Super Mario RPG: Legend of the Seven Stars
Year released: 1996
Genre: Read the title again
A previous review mentioned that most video game consoles are often designed for a target audience with an age that matches my shoe size. However, RPGs tend to cater towards a more mature group of gamers. The plots are more complicated and internal than the standard "Blast off and strike the evil Bydo Empire!"1 The game is formatted to emphasize strategy and cunning over brute force and thumb speed. Some may consider Super Mario RPG to be a kind of gateway, introducing younger folk into the genre. To do that, though, would trivialize the game's quality. Super Mario RPG is a good game, certainly not the worst I've ever played2, although one has to consider just what would be left of the game if not for all the extra bells and whilstles that enhance it.
First off, the plot is somewhat different from most all other Mario games. Yes, that's right: the purpose of this game is neither to rescue Princess Toadstool, nor is it to save the Mushroom Kingdom. True, the opening does have that paradigm fully in play, but not ten minutes after the game begins does the entire storyline get turned on its ear. Some evil sword by the name of Smithy takes over Bowser's Keep, sending Mario, Bowser, and the Princess in all different directions. To make things even more interesting, there comes a point when Bowser actually works with you! True, the idea of the good guy and the bad guy joining forces to overcome an even greater evil has become quite cliché after being used so many times, but it was surprisingly well-crafted in this game. Bowser was put in a lose-lose situation: be humiliated by joining up with his rival, or be humiliated by being evicted from his own abode.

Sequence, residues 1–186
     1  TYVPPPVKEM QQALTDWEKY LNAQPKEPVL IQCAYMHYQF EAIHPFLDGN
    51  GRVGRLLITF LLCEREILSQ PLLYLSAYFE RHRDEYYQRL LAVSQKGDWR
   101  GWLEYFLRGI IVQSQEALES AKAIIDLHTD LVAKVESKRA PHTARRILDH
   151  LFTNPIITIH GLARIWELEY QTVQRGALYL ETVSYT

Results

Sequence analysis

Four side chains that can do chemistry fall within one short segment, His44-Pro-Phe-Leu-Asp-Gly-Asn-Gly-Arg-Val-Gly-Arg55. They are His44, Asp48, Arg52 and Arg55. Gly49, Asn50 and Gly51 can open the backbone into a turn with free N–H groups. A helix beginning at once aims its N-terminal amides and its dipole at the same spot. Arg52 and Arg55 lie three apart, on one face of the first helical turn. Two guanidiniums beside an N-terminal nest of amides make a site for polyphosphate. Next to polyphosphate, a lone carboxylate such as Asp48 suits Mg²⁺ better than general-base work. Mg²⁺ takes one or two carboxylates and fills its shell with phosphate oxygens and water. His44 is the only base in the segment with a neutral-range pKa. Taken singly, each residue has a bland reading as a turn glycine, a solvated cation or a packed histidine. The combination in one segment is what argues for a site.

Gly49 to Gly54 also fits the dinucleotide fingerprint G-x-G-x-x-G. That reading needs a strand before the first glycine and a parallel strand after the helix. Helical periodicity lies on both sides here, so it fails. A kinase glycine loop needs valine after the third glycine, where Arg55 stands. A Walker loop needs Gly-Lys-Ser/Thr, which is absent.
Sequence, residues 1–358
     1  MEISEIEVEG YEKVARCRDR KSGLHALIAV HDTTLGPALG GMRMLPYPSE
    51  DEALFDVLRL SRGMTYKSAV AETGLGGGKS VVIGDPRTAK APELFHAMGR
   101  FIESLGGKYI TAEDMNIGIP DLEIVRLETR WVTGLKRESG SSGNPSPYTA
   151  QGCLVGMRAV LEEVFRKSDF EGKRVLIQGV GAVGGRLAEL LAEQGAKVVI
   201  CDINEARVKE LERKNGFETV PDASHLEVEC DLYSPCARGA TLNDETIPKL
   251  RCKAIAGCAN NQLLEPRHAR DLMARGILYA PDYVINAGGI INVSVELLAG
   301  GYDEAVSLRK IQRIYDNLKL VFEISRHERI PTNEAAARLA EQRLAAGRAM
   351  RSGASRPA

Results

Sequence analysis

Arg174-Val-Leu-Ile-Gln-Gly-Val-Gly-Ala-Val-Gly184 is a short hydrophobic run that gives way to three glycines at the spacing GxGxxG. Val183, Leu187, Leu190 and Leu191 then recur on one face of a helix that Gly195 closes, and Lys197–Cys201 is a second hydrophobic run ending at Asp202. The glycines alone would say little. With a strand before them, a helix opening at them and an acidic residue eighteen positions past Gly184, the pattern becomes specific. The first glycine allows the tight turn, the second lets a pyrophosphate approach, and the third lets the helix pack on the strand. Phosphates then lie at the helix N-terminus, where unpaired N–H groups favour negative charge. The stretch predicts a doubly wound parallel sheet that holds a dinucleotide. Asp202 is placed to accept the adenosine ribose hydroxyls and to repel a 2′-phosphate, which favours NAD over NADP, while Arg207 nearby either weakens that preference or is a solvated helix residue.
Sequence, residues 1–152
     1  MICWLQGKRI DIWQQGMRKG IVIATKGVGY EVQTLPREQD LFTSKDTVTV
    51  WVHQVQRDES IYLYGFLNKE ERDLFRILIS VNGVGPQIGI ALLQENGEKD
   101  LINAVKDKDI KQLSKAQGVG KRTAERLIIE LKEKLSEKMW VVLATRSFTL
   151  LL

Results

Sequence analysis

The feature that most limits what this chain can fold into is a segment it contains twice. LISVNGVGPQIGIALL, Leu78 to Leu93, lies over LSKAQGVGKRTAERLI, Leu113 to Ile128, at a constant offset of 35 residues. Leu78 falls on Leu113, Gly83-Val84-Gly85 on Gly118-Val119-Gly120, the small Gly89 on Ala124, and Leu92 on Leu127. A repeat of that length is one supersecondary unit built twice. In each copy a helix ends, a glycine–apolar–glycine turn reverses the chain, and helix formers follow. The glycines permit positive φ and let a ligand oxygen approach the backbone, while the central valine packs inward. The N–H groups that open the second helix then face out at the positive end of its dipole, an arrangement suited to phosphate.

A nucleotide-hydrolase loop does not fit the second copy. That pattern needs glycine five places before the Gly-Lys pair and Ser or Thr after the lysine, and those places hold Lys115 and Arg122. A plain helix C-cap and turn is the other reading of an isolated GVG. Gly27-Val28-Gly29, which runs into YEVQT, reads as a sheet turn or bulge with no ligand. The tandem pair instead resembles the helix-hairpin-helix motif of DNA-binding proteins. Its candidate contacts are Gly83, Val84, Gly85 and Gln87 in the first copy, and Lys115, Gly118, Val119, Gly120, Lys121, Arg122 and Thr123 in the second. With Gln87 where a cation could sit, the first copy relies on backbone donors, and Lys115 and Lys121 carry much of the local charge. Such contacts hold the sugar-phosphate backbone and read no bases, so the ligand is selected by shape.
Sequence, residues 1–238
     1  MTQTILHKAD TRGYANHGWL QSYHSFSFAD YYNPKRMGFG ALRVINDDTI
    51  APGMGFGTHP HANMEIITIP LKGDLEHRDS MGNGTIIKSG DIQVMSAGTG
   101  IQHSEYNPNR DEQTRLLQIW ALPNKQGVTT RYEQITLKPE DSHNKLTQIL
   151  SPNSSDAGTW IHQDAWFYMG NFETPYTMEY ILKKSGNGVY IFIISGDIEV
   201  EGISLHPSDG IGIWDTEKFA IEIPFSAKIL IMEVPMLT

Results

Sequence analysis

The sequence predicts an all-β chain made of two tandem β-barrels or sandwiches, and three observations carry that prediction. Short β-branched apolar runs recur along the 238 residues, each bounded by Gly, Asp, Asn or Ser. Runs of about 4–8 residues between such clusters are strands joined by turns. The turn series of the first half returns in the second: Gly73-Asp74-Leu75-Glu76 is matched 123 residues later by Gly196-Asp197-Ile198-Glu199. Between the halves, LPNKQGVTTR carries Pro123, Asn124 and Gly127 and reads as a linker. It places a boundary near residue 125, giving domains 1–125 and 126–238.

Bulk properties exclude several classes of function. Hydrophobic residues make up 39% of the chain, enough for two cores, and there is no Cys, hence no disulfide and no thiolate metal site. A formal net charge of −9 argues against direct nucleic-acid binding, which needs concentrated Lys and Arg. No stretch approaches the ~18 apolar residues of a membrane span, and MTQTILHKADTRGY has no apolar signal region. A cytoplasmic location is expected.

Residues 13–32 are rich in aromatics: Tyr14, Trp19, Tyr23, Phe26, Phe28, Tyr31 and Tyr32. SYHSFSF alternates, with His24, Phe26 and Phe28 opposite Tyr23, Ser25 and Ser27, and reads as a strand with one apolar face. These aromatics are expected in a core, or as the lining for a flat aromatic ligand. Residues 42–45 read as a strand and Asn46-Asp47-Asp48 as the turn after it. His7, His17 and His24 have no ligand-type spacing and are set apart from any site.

Still, there is one element of the plot that never ceases to get my goat. If I remember correctly, I seem to recall some old superstition about Mario actually having a brother or something. I swear, this guy's been the Phillip Michael Thomas3 to Mario's Don Johnson since about '93. For once I'd like to see Luigi get some action in a game that isn't edutainment. Aside from that quibble, the story works. It's a bit lightweight, but Mario games were never epics to begin with, so you can't fault the makers for keeping with the spirit of the series.
The presentation is fairly representative of all games released in the latter years of the SNES' life. This is not to say it's totally good, only that a lot of other games were made like this one. The scenery and animation is spectacular, managing to capture the whimsical ambience that makes the Super Mario Brothers universe so cool. Still, the characters look a little bit too digitized. I like to call this "Donkey Kong Country syndrome", where the sprites are pixelated so sharply that they clash with the softer backgrounds. It's a reasonable enough gripe to dock a point off the Visual score, but aside from that the programmers really hit the nail on the head.
I'm a bit hot and cold on the audio aspects, though. The battle themes are terrific; funky enough to fit in with Mario's colorful, cartoonish environments, but still conveying a sense of urgency and struggle. As far as the other themes are concerned, however, less praise can be made. Save for Mario's Pad, which is probably the best non-battle music in the game, everything else fails to stand out. Yes, the sad music is kinda sad, and yes, the tune behind the Mushroom Kingdom has a nice, bombastic flavor to it, but it doesn't leave as much of an emotional impact as I think it could have.